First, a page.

Understanding the daily cycle of evapotranspiration: a method to quantify the influence of forcings and feedbacks

C.C. van Heerwaarden, J. Vilà-Guerau de Arellano, A. Gounou, F. Guichard, F. Couvreux

Research output: Contribution to journalArticleAcademicpeer-review

66 Citations (Scopus)

Abstract

A method to analyze the daily cycle of evapotranspiration over land is presented. It quantifies the influence of external forcings, such as radiation and advection, and of internal feedbacks induced by boundary layer, surface layer, and land surface processes on evapotranspiration. It consists of a budget equation for evapotranspiration that is derived by combining a time derivative of the Penman–Monteith equation with a mixed-layer model for the convective boundary layer. Measurements and model results for days at two contrasting locations are analyzed using the method: midlatitudes (Cabauw, Netherlands) and semiarid (Niamey, Niger). The analysis shows that the time evolution of evapotranspiration is a complex interplay of forcings and feedbacks. Although evapotranspiration is initiated by radiation, it is significantly regulated by the atmospheric boundary layer and the land surface throughout the day. In both cases boundary layer feedbacks enhance the evapotranspiration up to 20 W m-2 h-1. However, in the case of Niamey this is offset by the land surface feedbacks since the soil drying reaches -30 W m-2 h-1. Remarkably, surface layer feedbacks are of negligible importance in a fully coupled system. Analysis of the boundary layer feedbacks hints at the existence of two regimes in this feedback depending on atmospheric temperature, with a gradual transition region in between the two. In the low-temperature regime specific humidity variations induced by evapotranspiration and dry-air entrainment have a strong impact on the evapotranspiration. In the high-temperature regime the impact of humidity variations is less pronounced and the effects of boundary layer feedbacks are mostly determined by temperature variations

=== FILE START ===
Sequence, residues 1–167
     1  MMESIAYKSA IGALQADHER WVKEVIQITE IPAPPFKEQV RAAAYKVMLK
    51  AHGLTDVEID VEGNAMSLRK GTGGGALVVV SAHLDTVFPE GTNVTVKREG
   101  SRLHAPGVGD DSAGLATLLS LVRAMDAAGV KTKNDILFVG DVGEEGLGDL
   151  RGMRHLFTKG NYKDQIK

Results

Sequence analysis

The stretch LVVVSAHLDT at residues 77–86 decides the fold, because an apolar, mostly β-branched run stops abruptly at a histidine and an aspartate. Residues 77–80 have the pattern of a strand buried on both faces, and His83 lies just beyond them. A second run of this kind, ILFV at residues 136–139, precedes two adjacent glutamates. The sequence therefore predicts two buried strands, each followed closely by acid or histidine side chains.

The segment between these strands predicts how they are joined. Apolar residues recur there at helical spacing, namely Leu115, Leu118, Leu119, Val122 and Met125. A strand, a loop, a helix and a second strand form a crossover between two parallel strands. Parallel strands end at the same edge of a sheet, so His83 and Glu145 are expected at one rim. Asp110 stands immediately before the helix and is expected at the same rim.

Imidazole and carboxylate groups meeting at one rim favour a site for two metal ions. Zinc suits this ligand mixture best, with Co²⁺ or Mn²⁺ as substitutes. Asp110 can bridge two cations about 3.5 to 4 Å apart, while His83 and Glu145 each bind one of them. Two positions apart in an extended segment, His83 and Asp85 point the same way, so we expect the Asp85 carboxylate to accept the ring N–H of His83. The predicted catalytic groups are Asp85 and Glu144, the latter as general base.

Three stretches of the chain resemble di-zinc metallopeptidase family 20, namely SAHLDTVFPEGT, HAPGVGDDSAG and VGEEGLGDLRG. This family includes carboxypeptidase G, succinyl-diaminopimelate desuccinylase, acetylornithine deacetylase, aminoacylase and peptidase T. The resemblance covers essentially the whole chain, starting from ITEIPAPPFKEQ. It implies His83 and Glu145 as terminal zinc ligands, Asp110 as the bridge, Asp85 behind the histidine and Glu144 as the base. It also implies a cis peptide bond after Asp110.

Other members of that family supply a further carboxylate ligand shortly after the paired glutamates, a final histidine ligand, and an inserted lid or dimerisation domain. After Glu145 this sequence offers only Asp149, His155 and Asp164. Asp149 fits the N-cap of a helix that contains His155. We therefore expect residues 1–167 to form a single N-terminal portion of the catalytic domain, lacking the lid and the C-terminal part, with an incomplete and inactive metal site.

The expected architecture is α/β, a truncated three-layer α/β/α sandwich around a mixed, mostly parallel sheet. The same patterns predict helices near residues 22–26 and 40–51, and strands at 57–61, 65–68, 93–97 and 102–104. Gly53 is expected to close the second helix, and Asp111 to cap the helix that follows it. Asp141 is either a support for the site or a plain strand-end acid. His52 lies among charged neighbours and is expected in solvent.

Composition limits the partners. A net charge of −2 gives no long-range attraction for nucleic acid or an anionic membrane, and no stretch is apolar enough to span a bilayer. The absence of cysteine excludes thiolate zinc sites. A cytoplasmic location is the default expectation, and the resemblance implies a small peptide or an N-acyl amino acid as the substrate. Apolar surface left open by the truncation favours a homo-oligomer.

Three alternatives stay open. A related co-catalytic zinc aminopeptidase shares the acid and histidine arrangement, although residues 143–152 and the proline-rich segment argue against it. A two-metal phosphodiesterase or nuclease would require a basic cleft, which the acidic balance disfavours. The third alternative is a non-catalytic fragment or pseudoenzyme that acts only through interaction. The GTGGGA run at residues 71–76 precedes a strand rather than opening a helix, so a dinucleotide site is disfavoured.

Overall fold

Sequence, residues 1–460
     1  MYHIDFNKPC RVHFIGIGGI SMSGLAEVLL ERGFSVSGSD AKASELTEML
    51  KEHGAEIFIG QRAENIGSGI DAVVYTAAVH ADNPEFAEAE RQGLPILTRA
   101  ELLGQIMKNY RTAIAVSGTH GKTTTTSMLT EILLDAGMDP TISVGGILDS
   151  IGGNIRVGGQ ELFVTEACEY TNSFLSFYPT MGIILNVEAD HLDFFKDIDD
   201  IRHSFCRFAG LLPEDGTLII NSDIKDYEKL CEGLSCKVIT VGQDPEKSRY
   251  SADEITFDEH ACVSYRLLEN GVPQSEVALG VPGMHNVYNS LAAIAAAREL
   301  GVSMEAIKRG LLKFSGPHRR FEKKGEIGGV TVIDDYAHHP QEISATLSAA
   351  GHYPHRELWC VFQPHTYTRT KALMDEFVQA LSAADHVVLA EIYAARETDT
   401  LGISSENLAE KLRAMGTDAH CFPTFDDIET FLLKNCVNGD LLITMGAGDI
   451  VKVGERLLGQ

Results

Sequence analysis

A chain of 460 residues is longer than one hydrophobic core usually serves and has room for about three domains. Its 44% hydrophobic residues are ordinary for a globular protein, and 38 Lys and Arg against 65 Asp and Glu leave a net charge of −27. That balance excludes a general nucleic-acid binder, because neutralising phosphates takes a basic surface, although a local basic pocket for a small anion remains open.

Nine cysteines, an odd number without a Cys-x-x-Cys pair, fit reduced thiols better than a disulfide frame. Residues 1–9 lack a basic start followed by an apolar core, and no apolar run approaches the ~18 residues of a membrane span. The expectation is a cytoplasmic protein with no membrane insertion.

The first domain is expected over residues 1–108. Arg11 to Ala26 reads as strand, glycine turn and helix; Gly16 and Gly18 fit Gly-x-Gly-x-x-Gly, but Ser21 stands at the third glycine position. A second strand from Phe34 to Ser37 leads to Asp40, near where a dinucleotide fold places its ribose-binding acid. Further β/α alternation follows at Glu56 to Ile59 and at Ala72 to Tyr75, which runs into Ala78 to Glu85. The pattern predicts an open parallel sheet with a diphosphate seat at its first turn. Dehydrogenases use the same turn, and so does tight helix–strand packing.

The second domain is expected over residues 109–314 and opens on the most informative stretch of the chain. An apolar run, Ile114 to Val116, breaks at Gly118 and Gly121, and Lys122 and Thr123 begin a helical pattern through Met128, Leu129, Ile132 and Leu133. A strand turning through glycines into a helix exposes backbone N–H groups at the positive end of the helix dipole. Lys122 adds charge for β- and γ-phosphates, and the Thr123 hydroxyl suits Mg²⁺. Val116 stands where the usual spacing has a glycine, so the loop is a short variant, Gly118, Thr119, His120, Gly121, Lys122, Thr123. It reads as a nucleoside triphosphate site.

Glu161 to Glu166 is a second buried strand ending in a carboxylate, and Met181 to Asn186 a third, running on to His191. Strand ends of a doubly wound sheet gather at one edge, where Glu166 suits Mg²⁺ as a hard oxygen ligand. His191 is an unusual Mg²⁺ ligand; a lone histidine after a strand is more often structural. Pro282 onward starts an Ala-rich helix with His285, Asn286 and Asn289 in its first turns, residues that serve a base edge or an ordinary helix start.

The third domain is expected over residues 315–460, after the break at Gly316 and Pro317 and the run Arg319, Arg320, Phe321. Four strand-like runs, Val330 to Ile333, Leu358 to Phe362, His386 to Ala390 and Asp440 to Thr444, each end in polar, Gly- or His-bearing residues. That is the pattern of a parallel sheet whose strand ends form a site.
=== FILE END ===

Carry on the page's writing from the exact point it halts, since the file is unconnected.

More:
Original languageEnglish
Pages (from-to)1405-1422
JournalJournal of Hydrometeorology
Volume11
Issue number6
DOIs
Publication statusPublished - 2010

Keywords

  • convective boundary-layer
  • land-atmosphere interaction
  • diurnal time scales
  • soil-moisture
  • surface
  • model
  • evaporation
  • parameterization
  • entrainment
  • inversion

Fingerprint

Dive into the research topics of 'Understanding the daily cycle of evapotranspiration: a method to quantify the influence of forcings and feedbacks'. Together they form a unique fingerprint.

Cite this